Greg Nash

Warning signs are flashing for Republicans in Texas as the party faces eroding support in the state’s increasingly diverse suburbs.

A number of House seats in the state’s suburbs this cycle are in play for Democrats, while Democratic Senate candidate MJ Hegar has outperformed expectations in her race against incumbent Sen. John Cornyn (R-Texas). The Senate Majority PAC announced on Thursday it was jumping into the race, launching an $8.6 million television blitz supporting Hegar.

At the presidential level, a number of polls show Trump holding a single-digit lead over Democratic nominee Joe Biden. The former vice president’s wife, Jill Biden, visited a number of Texas suburbs this week in an effort to rally the vote.

Republicans’ struggle to appeal to the state’s growing and increasingly diverse suburbs is reflective of a problem the party — and in particular President Trump — faces nationwide.

Trump issued a direct appeal to suburban women at a rally in Johnstown, Pa., on Tuesday, acknowledging his growing deficit with female suburban voters in particular.

“Suburban women, will you please like me?” Trump said, surrounded by pink Women for Trump signs. “I saved your damn neighborhood, OK?”

A number of polls paint a dire picture of Trump’s standing with suburban women. A Washington Post-ABC News survey released in August showed Biden leading Trump by 13 points with the group. 

“These suburban women care about their families,” said Julie Oliver, a Democratic candidate running in Texas’s 25th District. “There is a different lens through which mothers view things, and it’s with a slant towards looking at their children’s futures.”

Trump has homed in on a law-and-order message in response to growing calls for racial justice and police accountability following numerous shootings of unarmed African Americans.

However, many say this message is backfiring on the president in the suburbs, especially in Texas.

“We don’t have much white flight left in Texas,” said Richard Murray, a pollster and political science professor at the University of Houston. “For years, one of the drivers of suburban growth were whites in the older inner-city areas moving out, and they were usually making these areas increasingly conservative and Republican.”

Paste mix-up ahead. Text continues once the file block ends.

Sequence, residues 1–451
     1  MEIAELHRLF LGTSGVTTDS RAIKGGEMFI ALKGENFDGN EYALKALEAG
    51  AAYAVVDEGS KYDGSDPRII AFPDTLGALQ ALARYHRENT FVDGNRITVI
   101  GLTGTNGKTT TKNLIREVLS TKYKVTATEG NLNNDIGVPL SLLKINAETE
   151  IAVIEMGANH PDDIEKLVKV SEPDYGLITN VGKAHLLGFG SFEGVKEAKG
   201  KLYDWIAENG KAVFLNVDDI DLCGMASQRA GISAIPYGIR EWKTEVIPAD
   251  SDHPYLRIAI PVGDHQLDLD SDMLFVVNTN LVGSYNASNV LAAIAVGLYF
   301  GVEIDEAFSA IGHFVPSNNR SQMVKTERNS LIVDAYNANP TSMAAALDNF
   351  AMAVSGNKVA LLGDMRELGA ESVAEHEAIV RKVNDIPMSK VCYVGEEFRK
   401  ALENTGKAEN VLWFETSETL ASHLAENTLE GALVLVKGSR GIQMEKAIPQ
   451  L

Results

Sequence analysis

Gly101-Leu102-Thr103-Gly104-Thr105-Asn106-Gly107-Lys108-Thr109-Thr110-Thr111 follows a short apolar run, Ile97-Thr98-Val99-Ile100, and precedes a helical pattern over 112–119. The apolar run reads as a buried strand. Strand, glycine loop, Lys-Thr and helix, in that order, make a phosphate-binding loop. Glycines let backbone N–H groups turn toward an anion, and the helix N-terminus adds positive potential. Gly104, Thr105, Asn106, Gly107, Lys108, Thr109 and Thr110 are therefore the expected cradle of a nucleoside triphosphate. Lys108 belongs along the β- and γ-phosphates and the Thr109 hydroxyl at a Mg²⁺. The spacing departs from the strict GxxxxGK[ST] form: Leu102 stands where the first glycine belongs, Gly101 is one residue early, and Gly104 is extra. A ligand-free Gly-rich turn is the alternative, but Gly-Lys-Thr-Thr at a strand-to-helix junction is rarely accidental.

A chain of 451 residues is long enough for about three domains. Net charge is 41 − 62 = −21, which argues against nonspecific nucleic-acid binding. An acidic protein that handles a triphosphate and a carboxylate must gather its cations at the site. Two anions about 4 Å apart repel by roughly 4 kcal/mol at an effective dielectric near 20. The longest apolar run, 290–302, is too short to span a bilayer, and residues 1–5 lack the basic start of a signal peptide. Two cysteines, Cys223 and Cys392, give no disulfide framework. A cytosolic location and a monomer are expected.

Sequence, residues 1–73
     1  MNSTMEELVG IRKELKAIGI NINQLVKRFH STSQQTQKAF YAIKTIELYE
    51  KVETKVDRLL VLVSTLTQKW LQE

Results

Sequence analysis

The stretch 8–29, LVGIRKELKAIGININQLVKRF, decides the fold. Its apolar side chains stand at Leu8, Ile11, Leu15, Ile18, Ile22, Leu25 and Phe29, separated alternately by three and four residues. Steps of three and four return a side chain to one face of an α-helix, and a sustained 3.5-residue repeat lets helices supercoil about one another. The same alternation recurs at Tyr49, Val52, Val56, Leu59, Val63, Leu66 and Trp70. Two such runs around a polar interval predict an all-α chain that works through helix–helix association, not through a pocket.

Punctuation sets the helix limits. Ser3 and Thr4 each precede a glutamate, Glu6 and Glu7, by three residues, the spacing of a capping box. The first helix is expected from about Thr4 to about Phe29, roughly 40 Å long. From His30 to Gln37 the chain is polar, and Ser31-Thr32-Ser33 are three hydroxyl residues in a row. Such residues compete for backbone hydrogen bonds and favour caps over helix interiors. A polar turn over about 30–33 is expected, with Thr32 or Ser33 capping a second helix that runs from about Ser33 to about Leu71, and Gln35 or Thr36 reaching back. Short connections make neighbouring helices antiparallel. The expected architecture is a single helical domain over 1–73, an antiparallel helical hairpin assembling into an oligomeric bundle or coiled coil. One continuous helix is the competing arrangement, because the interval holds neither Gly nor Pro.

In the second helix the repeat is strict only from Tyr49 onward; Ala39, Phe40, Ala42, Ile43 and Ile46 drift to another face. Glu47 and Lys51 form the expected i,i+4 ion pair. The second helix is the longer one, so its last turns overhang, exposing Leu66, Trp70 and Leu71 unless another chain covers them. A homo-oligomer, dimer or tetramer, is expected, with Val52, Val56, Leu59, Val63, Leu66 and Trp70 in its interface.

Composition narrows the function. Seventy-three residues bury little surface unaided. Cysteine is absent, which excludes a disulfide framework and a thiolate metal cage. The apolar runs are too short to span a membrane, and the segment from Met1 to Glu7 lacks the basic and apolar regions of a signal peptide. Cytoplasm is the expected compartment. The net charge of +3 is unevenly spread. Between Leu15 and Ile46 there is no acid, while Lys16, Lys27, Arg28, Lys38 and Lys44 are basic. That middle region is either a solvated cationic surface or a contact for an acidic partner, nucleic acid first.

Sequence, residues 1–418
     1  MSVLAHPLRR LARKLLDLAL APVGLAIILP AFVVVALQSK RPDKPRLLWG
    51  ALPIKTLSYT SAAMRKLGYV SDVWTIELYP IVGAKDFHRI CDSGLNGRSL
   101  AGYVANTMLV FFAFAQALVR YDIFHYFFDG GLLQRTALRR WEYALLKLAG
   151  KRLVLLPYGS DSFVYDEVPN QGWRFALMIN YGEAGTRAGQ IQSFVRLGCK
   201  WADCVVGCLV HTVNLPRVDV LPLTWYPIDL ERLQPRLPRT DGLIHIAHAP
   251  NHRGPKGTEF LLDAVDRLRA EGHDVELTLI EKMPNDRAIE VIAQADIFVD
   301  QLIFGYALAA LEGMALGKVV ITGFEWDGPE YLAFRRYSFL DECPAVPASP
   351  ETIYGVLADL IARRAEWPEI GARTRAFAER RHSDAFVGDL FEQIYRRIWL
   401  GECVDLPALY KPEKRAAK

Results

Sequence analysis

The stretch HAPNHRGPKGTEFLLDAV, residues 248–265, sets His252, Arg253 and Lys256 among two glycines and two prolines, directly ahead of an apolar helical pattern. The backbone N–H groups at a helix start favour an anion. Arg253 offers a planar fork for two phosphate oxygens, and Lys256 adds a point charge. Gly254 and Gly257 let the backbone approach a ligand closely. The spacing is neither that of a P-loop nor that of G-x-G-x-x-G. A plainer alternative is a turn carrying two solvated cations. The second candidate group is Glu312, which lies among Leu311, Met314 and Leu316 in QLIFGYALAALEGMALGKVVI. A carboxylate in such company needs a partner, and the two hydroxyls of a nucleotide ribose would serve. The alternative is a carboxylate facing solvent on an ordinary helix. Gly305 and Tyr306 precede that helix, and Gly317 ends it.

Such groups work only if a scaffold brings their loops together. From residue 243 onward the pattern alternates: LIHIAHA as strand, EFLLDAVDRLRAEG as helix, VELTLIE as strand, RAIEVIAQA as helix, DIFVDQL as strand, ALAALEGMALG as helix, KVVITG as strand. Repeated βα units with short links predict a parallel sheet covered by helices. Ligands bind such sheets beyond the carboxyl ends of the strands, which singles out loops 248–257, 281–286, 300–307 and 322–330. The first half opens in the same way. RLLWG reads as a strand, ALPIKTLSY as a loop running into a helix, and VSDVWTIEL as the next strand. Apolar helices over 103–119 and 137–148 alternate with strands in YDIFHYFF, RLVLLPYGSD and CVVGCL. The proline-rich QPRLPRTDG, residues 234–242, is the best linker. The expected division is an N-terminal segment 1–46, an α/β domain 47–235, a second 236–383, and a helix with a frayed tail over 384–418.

“That’s pretty much over in Dallas, Houston and Austin,” Murray said. “Now the suburban growth is driven by minorities moving out.”

Experts say that the influx of African Americans, Hispanics and Asians to the state’s suburbs could prove to be bad news for Republicans in November due to Trump’s presence at the top of the ticket.

“Those voters were not particularly Democratic, but they’re sure anti-Trump,” Murray said. “That’s been one of the factors that has accelerated this shift in the suburbs.”

Additionally, the state’s redistricting process, which appeared to favor Republicans by drawing lines around the Texas suburbs, may be backfiring as minority communities put down their roots in suburban enclaves.

“The maps wore out,” Murray said. “Texas added a lot more people since the 2010 census than any other state, and most of those are in the suburbs, and most of those are not white.”

The suburban districts have in turn reflected what is happening across the country at a faster pace.

“I like to say that when Republicans in the suburbs nationally have a cold, they have the flu in Texas in these districts because everything in the state is happening five times faster,” said Democratic Congressional Campaign Committee spokesman Avery Jaffe.

Democrats saw some of their most encouraging gains in 2018, when now-Democratic Reps. Lizzie Fletcher and Colin Allred ousted two longtime Republican incumbents in suburban Texas districts: Fletcher in the 7th District, in the greater Houston area, and Allred in the 32nd District, in the greater Dallas area.

Additionally, then-Rep. Beto O’Rourke (D-Texas) came within roughly 2 points of ousting incumbent Sen. Ted Cruz (D-Texas).